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Adult Scoliosis Correction

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Adult scoliosis refers to an abnormal curvature of the spine in a patient who has finished growing. Scoliosis is an abnormal curvature of the spine that affects approximately seven million people in the United States. The curvature can be to the right or the left side and also involves a twisting or rotation of the bones of the spine.

Adult scoliosis can develop as the result of an untreated childhood curvature. Adult scoliosis can also develop in a patient without any previous history of a scoliosis. When adult scoliosis develops in a patient with a previously straight spine, it is called adult degenerative scoliosis. Adult scoliosis typically arises from a combination of spinal degenerative conditions including disc degeneration, compression fracture, osteoporosis, and spinal stenosis.


Symptoms

Non-Operative Treatments

Surgery

Case Examples


Symptoms

Symptoms of scoliosis may include back pain, leg length discrepancy, uneven hips, or abnormal gait. The patient may notice that one shoulder is higher than the other, a prominent shoulder blade, or visual curvature of the spine. Some patients with scoliosis first notice that clothes no longer fit correctly. As the curvature leads to degeneration of the discs and spinal bones, a number of other symptoms can occur such as pain, difficulty standing or sitting upright, spinal stiffness, nerve damage, truncal imbalance, rib prominence, spinal instability and even cardiac or pulmonary (heart and lung) problems.

Non-operative Treatments

Many patients with adult scoliosis do not have any specific symptoms and never require surgical treatment. A number of non-operative treatment options are available to help treat pain and maximize function. The physicians at the Virginia Spine Institute evaluate each patient's overall physical well being to determine an appropriate exercise and physical therapy routine. For most patients, a combination of aerobic fitness, weight bearing exercises and core muscle strengthening are used. Physical therapy, spinal mobilization techniques, or chiropractic treatment can be beneficial for treating symptoms of scoliosis however; none of these treatments are effective in reducing the size of the curvature.

Medication management can include the use of anti-inflammatory medications or pain medications. Spinal injections targeted at areas where arthritis is causing pain or nerve irritation can be beneficial.

Surgery

Surgery to correct adult scoliosis is an option when nonsurgical treatments do not relieve pain or symptoms. Surgery is also needed for progressive curves or curves causing nerve compression with symptoms such as numbness, weakness, or pain. In general, curves greater than 45° and curves with severe degenerative changes are best treated with surgical reconstruction. Surgical reconstruction involves some correction of the curvature with the goal to relieve pain and prevent the curvature from worsening in the future.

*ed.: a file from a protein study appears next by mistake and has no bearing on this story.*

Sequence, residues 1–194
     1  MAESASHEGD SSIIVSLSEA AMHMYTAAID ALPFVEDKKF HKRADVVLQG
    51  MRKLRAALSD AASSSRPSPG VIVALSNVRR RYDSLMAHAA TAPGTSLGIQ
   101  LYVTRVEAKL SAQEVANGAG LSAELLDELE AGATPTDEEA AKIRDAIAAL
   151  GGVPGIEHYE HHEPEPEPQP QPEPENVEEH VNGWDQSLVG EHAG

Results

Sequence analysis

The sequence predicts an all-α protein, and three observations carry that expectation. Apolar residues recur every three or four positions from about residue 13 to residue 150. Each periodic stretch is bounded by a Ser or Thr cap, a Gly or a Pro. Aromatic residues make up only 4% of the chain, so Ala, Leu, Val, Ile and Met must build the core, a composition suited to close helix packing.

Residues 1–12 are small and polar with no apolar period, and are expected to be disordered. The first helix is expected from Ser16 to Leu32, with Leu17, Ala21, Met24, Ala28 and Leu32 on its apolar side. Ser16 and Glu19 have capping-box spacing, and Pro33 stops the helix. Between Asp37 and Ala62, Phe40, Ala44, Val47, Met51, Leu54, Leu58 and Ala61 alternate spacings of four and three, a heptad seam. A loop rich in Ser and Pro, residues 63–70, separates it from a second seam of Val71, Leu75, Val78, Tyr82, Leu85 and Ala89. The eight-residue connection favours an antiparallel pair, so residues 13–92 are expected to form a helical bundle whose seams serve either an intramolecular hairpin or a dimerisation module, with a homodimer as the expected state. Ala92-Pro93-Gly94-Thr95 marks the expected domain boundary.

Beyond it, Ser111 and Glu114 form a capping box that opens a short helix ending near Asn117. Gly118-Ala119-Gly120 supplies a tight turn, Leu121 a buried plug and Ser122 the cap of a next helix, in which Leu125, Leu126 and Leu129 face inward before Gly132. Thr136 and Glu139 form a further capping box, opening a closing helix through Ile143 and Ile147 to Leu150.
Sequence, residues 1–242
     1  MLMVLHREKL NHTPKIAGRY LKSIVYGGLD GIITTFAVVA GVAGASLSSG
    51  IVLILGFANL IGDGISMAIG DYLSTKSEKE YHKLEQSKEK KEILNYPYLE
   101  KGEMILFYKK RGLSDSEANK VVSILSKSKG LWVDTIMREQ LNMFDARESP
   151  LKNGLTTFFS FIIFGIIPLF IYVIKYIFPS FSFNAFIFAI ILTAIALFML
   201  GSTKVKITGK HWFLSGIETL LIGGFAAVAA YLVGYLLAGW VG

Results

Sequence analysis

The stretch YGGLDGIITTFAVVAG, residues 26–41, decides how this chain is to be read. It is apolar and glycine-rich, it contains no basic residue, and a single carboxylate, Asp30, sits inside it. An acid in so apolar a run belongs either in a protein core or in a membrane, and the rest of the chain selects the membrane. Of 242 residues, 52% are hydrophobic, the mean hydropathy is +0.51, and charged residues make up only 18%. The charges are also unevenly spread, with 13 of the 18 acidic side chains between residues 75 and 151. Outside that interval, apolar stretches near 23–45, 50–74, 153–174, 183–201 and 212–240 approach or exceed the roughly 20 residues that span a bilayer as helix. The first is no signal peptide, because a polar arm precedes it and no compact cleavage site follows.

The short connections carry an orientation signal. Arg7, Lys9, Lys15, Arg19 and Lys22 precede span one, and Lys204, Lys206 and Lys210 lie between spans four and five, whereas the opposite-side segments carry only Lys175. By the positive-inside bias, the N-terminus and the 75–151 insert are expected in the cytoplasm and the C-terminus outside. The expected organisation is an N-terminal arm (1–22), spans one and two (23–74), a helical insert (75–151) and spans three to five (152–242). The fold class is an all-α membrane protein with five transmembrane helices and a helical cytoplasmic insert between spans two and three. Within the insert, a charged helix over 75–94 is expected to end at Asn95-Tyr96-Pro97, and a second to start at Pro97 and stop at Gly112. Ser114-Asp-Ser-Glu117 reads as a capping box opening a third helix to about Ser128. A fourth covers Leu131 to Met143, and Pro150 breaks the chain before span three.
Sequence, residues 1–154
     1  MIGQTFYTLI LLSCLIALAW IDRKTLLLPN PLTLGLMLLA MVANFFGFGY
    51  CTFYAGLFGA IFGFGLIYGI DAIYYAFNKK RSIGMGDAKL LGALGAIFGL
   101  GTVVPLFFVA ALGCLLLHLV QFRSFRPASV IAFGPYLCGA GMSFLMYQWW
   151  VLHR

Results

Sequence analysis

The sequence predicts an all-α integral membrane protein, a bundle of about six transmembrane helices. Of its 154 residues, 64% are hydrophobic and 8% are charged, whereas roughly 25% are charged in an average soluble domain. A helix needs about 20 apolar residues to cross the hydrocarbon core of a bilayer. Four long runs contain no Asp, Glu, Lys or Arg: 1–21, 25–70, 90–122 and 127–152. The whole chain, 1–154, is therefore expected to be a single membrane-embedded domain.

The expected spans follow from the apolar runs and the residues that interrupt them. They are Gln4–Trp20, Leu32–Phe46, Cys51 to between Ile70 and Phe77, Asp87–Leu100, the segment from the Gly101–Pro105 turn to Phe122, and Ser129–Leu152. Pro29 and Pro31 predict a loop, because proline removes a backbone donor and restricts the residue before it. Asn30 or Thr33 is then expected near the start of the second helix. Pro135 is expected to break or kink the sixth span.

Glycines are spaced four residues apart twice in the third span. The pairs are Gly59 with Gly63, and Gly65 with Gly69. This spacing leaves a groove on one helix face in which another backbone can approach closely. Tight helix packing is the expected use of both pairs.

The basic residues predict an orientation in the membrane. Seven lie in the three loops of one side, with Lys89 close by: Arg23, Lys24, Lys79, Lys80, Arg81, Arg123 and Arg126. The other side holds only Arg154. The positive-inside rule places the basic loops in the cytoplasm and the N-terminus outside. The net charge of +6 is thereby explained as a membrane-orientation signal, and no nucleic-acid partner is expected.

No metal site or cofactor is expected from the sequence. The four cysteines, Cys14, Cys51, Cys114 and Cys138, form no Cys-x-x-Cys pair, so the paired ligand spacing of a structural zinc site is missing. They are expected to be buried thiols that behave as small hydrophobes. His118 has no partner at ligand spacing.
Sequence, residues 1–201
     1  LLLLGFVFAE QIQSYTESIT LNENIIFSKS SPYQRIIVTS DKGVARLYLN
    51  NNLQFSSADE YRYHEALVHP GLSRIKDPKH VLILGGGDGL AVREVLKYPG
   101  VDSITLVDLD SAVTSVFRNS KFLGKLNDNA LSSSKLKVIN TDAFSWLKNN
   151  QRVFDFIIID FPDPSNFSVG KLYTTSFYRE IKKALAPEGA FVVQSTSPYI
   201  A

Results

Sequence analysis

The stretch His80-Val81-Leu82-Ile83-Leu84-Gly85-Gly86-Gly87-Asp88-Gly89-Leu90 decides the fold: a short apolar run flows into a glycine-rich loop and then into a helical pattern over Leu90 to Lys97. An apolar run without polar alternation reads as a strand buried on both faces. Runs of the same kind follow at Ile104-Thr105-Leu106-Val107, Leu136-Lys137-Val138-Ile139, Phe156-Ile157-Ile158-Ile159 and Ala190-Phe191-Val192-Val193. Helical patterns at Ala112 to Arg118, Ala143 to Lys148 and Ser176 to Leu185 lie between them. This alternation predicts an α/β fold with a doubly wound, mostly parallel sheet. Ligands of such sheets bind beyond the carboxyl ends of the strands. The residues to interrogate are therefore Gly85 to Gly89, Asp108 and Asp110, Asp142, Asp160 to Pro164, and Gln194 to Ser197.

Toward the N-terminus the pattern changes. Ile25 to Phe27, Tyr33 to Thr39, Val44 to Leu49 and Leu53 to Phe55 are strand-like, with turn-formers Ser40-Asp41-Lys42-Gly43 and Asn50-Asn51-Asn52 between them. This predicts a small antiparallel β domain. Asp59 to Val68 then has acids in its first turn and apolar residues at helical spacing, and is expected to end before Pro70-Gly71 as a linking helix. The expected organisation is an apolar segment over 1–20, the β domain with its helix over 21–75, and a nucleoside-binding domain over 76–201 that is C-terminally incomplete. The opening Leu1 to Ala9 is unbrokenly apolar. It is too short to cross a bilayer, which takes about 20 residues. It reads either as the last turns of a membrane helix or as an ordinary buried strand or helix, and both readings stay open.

Surgery to correct adult scoliosis may be performed from the back of the spine (posterior approach), the front or side of the spine (anterior or lateral approach), or a combination of both anterior and posterior surgery. Before deciding on the approach, the doctors at the Virginia Spine Institute review the patient's x-rays, imaging tests, and clinical examination multiple times to formulate the surgical plan. The best surgical approach depends on the type of curvature, the patient's symptoms, and any previous surgery.

Adult scoliosis correction surgery utilizes spinal implants, rods and screws, to correct scoliosis and hold the spine stable while the bones heal. Spine fusion is achieved using bone graft taken from the patient's spine intra-operatively in the area of surgery and for some patients bone morphogenetic protein is used to increase the chance that the spine will correctly fuse. When the spine fuses, those segments of the spine heal together and are no longer mobile. For patients with scoliosis, the surgeons try to fuse the smallest number of vertebrae possible. This helps preserve the greatest amount of motion in the spine. The final recommendation is based on the desire to design the least invasive and safest procedure for each patient.


Case Examples

A 31 year old woman was diagnosed with scoliosis at age 9. She was treated in a brace until she was 16 years old. Over time, her curvature progressed and she began having increasing back pain with pain radiating into her leg. After a complete evaluation, the doctors at Virginia Spine Institute performed a staged operation to correct her scoliosis. The first surgery was performed through a small incision below her belly-button and the second through an incision in the back. After the operation, she had  correction of her scoliosis, a good standing posture and has returned to her previous job teaching horseback riding.

A 70 year old woman developed worsening posture and shortness of breath. She saw her pulmonologist for a lung evaluation and was told that her worsening scoliosis was causing her trouble breathing. She saw Dr. Good at Virginia Spine Institute and was diagnosed with a double curvature in her thoracic spine. Both curves measured over 60°. Dr. Good performed a scoliosis reconstruction surgery with partial correction and fusion of both curves. X-rays taken post-operatively showed improvement in her scoliosis and her breathing has since returned to normal.

 

 

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